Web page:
As of today, my husband and I have been trying to have our second baby for two years. That's 24 months, 104 weeks, 730 days, 17,520 hours of my life, just trying to do what women are made to do. All those weeks and days and hours, I have tried to give my daughter a sibling, someone to have when my husband and I are gone. Throughout that time, I have been told that I'm being selfish, that I should be happy with what I have, that I am complete as it is. I am a sufferer of secondary infertility, and it sucks.
Secondary infertility means, quite simply, that you got pregnant fine the first time around, and the second time around, you are having "difficulty achieving pregnancy." Primary infertility means you can't get pregnant with the first. Primaries don't really understand us secondaries. They seem to have even less pity for those of us (including yours truly) who got pregnant quite by accident (I'm looking at you, birth control pill). I can't say I blame them. I have felt pregnant. More than pregnant. I have felt like a great, waddling, fluffy berry of some kind, definitely overripe and in need of juicing. I've had little niggles rubbing my innards, hugged the toilet while losing the contents of my stomach yet again, and bought ridiculously expensive pants to cling to my ever-expanding waist.
I have my stretch marks, badges I wear with pride rather than shame. I can say that I begged and begged and *begged* for an epidural, only to change my mind and eventually have a baby without any medication. Hell, those are things I'm proud of. I have nursed an infant at all hours of the day and night, spent hours just sticking my tongue out in an effort to get a baby to mimic me, been barfed on, seen a first smile, heard a first giggle, watched the first step she took with such gusto, not knowing how much it would hurt when she fell. I've quelled fears from nightmares, kicked my husband out of bed to let me have a sleep-in day, sent her off for her first day in daycare, told stories, sang songs and largely learned to play again (not something that comes naturally when you spend a great deal of time in your teens trying to show how cool and mature you are).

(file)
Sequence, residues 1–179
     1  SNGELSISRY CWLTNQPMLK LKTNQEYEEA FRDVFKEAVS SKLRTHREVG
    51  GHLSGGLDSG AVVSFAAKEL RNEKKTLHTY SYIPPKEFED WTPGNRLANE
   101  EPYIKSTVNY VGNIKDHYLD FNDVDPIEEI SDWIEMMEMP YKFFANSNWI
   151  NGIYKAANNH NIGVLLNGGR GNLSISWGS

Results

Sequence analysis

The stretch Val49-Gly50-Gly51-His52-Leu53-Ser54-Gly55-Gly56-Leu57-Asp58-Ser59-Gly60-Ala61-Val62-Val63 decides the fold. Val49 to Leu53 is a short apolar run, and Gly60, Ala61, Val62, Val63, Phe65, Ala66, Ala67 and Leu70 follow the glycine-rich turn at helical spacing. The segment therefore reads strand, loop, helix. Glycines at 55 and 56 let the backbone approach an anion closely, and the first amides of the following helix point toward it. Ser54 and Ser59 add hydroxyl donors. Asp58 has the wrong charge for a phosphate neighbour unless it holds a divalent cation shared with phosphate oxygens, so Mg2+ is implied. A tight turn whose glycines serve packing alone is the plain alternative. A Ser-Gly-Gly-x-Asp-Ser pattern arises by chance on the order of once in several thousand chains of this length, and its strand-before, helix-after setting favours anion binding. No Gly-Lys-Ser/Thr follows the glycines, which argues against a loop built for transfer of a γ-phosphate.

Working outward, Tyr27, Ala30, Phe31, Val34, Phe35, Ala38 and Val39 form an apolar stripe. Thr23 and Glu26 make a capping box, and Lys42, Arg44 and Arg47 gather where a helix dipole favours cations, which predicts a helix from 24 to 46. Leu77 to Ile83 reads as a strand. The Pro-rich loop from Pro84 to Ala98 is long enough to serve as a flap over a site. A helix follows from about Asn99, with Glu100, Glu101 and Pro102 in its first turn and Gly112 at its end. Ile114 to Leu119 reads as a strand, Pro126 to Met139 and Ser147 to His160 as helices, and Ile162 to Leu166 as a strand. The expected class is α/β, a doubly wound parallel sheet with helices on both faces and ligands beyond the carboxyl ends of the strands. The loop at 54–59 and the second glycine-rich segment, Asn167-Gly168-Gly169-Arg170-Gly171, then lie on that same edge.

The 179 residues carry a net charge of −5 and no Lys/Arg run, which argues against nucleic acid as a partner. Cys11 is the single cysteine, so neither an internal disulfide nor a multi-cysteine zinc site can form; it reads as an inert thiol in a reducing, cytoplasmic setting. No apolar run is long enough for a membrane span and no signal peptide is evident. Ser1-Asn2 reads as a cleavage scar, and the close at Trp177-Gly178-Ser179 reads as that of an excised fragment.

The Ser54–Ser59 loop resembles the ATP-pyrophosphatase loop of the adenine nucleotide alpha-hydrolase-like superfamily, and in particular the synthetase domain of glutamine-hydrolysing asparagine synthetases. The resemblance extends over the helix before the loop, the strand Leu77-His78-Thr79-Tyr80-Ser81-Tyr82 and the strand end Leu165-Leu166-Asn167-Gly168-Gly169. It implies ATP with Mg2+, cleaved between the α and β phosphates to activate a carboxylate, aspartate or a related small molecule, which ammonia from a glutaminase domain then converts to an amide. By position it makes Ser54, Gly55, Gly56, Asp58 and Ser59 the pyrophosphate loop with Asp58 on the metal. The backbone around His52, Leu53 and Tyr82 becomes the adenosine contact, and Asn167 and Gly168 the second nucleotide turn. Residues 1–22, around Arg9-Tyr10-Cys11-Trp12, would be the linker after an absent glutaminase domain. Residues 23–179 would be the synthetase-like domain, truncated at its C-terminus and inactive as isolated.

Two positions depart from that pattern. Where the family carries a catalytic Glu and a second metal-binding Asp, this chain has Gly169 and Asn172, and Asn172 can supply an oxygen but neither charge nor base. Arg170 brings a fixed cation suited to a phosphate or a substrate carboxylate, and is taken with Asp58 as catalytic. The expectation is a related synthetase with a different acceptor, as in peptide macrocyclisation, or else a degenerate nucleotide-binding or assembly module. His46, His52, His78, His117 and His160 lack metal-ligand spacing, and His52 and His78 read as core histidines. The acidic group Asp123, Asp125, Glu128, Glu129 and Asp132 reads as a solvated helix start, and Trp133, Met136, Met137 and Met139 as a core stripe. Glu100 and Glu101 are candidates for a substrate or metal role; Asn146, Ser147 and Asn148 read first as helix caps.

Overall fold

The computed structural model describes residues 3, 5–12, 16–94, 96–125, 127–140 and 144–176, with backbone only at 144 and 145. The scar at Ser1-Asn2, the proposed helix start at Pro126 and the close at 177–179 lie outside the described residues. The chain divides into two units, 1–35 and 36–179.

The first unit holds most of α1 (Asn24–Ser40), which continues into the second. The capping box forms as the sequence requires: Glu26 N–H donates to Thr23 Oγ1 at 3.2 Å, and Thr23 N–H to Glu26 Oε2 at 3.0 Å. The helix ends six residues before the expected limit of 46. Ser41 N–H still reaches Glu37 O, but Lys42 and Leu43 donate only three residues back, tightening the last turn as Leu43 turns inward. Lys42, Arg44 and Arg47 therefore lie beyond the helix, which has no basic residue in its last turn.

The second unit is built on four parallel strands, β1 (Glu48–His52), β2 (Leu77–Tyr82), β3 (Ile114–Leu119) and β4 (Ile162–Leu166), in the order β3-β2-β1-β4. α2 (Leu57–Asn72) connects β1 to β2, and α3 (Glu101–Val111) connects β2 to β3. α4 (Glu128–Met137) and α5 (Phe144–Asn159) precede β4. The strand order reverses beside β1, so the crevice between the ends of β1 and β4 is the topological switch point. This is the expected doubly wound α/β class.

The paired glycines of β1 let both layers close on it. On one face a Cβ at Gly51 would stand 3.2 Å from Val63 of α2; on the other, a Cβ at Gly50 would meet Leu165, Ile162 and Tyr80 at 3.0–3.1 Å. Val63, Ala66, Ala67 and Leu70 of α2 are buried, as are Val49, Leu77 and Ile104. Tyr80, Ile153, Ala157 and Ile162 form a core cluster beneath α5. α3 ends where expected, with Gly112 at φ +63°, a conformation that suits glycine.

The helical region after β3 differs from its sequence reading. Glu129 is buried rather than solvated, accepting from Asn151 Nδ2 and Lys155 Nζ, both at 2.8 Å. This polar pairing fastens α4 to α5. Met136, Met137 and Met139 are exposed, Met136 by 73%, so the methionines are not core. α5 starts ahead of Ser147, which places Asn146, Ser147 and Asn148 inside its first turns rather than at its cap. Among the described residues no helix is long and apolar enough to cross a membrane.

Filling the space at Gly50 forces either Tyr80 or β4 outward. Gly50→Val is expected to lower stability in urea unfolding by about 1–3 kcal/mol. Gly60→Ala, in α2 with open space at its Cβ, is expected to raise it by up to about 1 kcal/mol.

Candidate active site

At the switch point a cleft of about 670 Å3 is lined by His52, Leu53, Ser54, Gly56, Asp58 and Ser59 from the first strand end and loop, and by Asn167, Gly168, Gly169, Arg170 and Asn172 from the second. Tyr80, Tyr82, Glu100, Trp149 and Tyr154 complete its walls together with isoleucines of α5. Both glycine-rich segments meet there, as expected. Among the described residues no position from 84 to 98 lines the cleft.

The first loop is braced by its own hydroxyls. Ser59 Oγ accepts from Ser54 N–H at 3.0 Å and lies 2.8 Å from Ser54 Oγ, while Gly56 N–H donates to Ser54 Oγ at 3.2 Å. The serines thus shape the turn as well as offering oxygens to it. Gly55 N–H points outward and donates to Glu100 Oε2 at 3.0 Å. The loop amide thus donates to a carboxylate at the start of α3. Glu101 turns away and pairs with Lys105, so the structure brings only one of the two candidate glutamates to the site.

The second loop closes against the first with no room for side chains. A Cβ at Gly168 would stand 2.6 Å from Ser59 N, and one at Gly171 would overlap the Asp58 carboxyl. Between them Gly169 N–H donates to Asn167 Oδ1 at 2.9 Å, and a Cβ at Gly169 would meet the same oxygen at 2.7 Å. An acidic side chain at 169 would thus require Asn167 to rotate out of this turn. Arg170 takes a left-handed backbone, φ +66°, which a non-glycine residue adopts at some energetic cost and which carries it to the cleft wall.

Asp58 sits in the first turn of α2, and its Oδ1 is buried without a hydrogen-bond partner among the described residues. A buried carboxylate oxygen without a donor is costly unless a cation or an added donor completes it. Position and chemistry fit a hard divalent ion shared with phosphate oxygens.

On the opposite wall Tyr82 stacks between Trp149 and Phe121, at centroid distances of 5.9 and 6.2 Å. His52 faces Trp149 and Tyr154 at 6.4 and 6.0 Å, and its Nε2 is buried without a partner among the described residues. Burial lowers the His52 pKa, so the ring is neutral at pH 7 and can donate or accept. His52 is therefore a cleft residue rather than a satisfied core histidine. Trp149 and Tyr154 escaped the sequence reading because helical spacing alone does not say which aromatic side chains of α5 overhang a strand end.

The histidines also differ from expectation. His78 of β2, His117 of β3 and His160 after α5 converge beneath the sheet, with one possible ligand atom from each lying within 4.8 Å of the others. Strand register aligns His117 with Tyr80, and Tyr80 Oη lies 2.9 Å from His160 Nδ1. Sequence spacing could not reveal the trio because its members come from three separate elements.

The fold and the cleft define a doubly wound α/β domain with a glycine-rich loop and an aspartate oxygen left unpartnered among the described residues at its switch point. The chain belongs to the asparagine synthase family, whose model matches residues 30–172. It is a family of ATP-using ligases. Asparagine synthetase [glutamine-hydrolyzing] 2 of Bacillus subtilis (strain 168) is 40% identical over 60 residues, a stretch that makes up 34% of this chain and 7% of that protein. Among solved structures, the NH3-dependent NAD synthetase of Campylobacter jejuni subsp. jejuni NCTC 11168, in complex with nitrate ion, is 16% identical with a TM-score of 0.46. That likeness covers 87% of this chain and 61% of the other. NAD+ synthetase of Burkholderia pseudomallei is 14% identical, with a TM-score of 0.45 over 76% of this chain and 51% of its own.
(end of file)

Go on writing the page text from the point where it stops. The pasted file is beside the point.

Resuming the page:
I am a mom, and that is something that I value so much, I cannot tell you.
However, I find that as a mom of one, I have a lot of fears I don't think some of my friends have. I worry, what if something happens to my brave, beautiful daughter? What if I lose her? How will I live? How will I survive? I will not. That's the simple answer. I would have no reason to at that point. I've confessed this rather odd and disconcerting fear to friends of multiple children, and they confessed they had the same fear. One even went so far as to tell me that when her second was born, one of her first thoughts (besides, "Thank god *that's* over", and "Hey, a baby!" I'm sure) was, "Good. Now if something happens to baby one, I will have a reason to continue."
Part of me wonders if this is in our genetic makeup. I have reason to believe it's in mine. My great-grandmother on my mother's paternal side had 16 children. Two died at birth, and the rest all survived. They were a farming family, and they needed lots of boys to help with the farm and lots of girls to feed them all. Also, they are French Catholics, so that might have something to do with it.